How to Become an Employer of Choice
Businesses are increasingly faced with new marketplace realities when it comes to attracting and retaining talent. Globally, unemployment rates are on the decline, turnover is increasing, and both existing and potential employees are looking for new opportunities in an environment of stagnating wages. The latter not only exacerbates a challenging recruiting environment but also signifies a likely increase in companies’ cost to both recruit and retain top-tier employees. But what do companies need to offer to be competitive from an employer perspective—and do they currently meet those needs? The following will provide new insights on how to best measure employer appeal and presents specific strategies on how companies can become an Employer of Choice (EoC).
What makes employees want to work for a company?
While most approaches to assess employer appeal tend to focus on workplace conditions and leadership (Glassdoor, Forbes), our analyses cast a wider initial net. Leveraging our Reputation Model, we considered company characteristics across seven Drivers of reputation, ranging from performance in Products and Services to Financials, Innovation, and Workplace, among others.
To identify the main drivers of one’s willingness to work for a company, we analyzed more than 230K ratings for global companies across the 15 biggest global economies. We first statistically identified the attributes that provided the most predictive value and further reduced these into three different EoC Drivers.
Our data shows that willingness to work for a company is predominantly driven by three different content factors or dimensions:
Products/Services (to a lesser degree)
But how do global companies perform on these three drivers of willingness to work? They are perceived as strongest (71.5) on the least important factor—Products/Services—and weakest (63.5) on the most important one—Responsible Behavior—suggesting that the biggest opportunity in becoming an EoC resides with improvements on societal contributions, ethics, and workplace conditions.
Top employer of choice companies and spotlights
Which companies are currently best equipped to fulfill the requirements of being a responsible employer with attractive future prospects and strong Products/Services? Interestingly, the top ten companies are headquartered in the United States and represent a mix of industries.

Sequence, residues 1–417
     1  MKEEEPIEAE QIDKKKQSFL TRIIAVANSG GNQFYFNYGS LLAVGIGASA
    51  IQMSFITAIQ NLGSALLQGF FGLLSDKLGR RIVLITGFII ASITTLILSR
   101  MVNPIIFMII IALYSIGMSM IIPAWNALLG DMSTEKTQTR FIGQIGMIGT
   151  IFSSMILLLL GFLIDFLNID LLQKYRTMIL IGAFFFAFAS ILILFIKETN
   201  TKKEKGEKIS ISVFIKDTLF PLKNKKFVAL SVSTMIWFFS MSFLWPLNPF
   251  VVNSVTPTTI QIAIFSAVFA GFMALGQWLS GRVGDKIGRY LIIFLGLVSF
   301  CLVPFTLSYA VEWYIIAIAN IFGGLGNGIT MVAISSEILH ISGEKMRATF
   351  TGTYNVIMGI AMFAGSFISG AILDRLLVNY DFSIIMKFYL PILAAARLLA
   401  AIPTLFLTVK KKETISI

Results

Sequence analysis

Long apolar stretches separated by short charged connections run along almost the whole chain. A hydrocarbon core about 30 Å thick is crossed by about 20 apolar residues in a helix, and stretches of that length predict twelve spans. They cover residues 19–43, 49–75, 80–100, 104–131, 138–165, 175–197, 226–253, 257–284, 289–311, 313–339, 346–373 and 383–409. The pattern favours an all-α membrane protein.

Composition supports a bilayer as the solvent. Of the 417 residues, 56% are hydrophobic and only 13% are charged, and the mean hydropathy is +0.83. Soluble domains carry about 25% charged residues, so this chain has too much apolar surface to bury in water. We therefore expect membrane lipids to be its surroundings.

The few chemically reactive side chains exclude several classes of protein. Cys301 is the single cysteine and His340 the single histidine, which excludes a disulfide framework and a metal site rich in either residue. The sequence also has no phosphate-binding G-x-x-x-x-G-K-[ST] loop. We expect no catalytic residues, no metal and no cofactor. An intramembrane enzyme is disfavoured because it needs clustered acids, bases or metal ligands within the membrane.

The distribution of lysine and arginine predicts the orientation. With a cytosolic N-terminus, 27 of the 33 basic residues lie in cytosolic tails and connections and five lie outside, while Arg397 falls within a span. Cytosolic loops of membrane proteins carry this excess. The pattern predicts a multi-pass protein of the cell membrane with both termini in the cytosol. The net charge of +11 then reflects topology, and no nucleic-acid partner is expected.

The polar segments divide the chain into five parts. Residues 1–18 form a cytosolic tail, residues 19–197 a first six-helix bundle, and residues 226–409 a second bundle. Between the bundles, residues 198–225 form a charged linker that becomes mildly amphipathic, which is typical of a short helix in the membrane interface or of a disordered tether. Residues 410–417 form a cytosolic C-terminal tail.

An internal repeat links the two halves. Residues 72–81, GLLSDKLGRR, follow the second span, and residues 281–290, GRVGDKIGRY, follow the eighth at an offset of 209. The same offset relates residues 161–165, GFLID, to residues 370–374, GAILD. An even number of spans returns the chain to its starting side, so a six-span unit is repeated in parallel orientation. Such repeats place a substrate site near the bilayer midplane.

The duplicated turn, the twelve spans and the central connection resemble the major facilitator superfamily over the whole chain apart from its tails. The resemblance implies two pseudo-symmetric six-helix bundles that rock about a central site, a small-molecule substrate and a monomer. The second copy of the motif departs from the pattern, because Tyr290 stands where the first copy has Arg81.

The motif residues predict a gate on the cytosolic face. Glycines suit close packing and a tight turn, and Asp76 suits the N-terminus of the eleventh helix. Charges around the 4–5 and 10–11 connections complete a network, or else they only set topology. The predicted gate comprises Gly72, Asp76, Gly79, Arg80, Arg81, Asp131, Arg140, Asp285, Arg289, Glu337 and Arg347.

Google: High performer - and cautionary tale
The iconic tech company is among the very best from an EoC score perspective—and has strong to excellent scores on all three EoC dimensions. The fact that Google has its lowest performance on Responsible Behavior, makes it more susceptible though to workplace crises that center around ethical behavior. Indeed, Google was recently challenged by allegations around workplace harassment, misconduct, a lack of transparency, and non-inclusive culture. Additional analyses indicate that people aware of these allegations (a third of sampled respondents) rate Google’s reputation 13 points lower than those who do not—a shift from an excellent to merely an average reputation. Even—and especially—large high profile companies need to manage workplace risk and build up the necessary reputation equity to better weather potential crises.
Amazon: Leaving EoC capital on the table
Despite having a strong EoC score Amazon fails to break into the top 10 EoC companies globally. While the company has among the best scores on Sustainable Growth and Strong Products/Services, the digital giant sees a dramatic drop-off when it comes to Responsible Behavior. This likely reflects some of the well-publicized criticisms of workplace conditions and compensation the company has consistently faced—and has been trying to address. A renewed focus on the most important EoC dimension is needed for Amazon to break through as one of the most attractive employers
Uber: A legacy of challenges
Uber’s struggles as an employer are rooted in sexual harassment allegations, employee dissatisfaction, and a perceived toxic workplace culture—hence its short employee tenure of just 1.8 years. Consequently, its EoC score of 61.6 points puts the company in the bottom tier of all sampled businesses—driven by major ethical shortcomings. While its performance on Sustainable Growth and Strong Products/Services are perceived as average, its Responsible Behavior is weak at best. Under its new leadership and through its Moving Forward campaign, Uber is taking steps to improve its culture and has recently announced that it will be rewarding top drivers with extra pay and college degrees.
Key learnings: What can companies do to become an Employer of Choice?
Focus on showcasing examples of responsible behavior and highlighting the promising future of your company.
Improvement of perceptions of responsible behavior is the significant content opportunity to drive traction.
Need to communicate a compelling story to both existing and potential employees—create a competitive advantage by fostering frequent and personally relevant messaging.
Being perceived as progressive is critical in making your company a more attractive employer—but it needs to be aligned with a straightforward and caring workplace culture.
Putting your CEO forward as the embodiment of what the company stands for elevates EoC status—and especially drives the perception of being an employer with responsible behavior.
Sven Klingemann Global Research Manager The RepTrak Company email@example.com
Michele Tesoro-Tess Executive Vice President - Italy & Switzerland The RepTrak Company firstname.lastname@example.org